It’s been a hectic couple of weeks since getting back from hols. Any headway I made in my summer reading has bottlenecked somewhat. However, before what passes for summer these days has flown, here are a few journals whose summer issues I've been stuck into;
The Stinging Fly
The Summer 2008 issue of The Stinging Fly lives up to its now well-established reputation. The regular 'First Passions' feature, where writers discuss their early reading influences, features Vona Groarke, whose recollections range from the first book she ever owned, aged five (or six) to the 'full force gale' of individual poems. There's the usual rigorous selection of innovative new prose - a Stinging Fly trademark by now - alongside a very healthy mix of original poetry. Featured poet Grace Wells exhibits an artful whimsy over seven poems. Reviews include Tom Mathews investigating Wendy Cope's newest collection and Yvonne Cullen absorbing Harry Clifton’s extremely well-received Secular Eden: Paris Notebooks 1994 -2004, among others. The highlight for me is an astonishing story by Desmond Hogan, a writer who has been in the news for less salubrious achievements of late. To simply call 'Old Swords' a story seems understated. This writing is a congealed amalgamation of reference and insight, with innocuous detail and character reminiscence layering and shifting to eventually conflagrate a human life, in all its tawdry hopes and limitations. Fascinating technique!
The Dublin Review
Another journal with impeccable editorial credentials here, the only bum note for this reader being a rather dry essay referencing Henry James - 'On Style and Freedom'. Worthy, no doubt - but perhaps a shade too academic for this slight intellect. Much more satisfactory were two (very) short stories by Kevin Casey, Maurice Walsh's squint into Salvadoran street gangs and a wonderfully evocative trip to Inishbofin in the company of Tim Robinson. Brian Dillon also provides a fascinating perusal of the various manifestations of Marcel Duchamp's 'ready-mades' - somewhat of a misnomer, as Duchamp, cute hoor that he was, held a 'flexible' approach to his own manifestos on what constituted an 'objet d'art'.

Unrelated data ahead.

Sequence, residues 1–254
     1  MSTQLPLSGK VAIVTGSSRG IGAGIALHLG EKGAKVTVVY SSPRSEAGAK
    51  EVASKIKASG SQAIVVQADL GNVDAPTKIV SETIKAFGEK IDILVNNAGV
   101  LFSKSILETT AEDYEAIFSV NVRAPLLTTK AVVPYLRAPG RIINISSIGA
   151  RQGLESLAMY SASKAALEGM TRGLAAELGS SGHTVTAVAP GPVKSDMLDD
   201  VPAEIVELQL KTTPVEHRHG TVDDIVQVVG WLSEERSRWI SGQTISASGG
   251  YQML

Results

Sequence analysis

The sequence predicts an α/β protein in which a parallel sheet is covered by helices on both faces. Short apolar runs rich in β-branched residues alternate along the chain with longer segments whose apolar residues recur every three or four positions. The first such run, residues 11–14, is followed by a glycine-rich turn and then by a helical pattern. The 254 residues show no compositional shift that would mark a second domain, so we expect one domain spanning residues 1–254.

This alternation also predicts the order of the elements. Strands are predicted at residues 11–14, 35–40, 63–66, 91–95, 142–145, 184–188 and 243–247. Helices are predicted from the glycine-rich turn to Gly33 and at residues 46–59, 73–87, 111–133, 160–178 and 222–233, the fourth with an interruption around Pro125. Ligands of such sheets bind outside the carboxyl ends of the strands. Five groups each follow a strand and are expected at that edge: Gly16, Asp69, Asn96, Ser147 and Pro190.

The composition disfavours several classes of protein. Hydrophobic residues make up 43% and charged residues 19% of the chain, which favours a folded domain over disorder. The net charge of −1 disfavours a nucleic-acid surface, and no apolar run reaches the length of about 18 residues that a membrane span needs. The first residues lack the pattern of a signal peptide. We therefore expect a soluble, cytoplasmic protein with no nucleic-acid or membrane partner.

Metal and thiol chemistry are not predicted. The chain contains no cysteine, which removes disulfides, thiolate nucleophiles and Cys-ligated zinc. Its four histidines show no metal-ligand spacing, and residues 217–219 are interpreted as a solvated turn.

Bookending the covers with striking images by Jaber Lufti, the summer 2008 issue of Crannóg is crammed full of fine poems and some pretty good prose too! Standouts for me include poems by Fred Johnston, Deborah Moffat, Nicholas Messenger and Maureen Gallagher. My own poem 'A Piece' features here too, bringing the issue to a close on page 57. Thanks for the selection, people!
Pen Pusher 10
I've mentioned before that Pen Pusher is one of the more handsomely produced journals, and this issue is well up to the usual standard in all areas, with a cover illustration by Richard Short - who also contributes a story inside! It's hard to define the editorial policy at work here - but the result is a very classy selection of clean, crisp writing - to match the design perhaps? ;-) Peter Higgins writes on Elmore Leonard, that crime writer beloved by Hollywood. Elsewhere there's striking story 'My Stalker' from Pia Chatterjee, a little madness from Sir Charles Maxwell-House and a couple of somewhat surreal poems from Leah Armstead and Heather Phillipson. Still have to finish reading this one! BTW Pen Pusher have come up with an inspired way for supporters to sponsor their production costs by donating 2p per page - so for a quid you can sponsor a whole issue and get mentioned by name ....unlike us poor loyal subscribers then ;-)
Finally... & A Workshop - Just back to blogging, after a bit of a hiatus, with some bits of news... the final draft of my novel has just been (finally, finally!) printed off - and...
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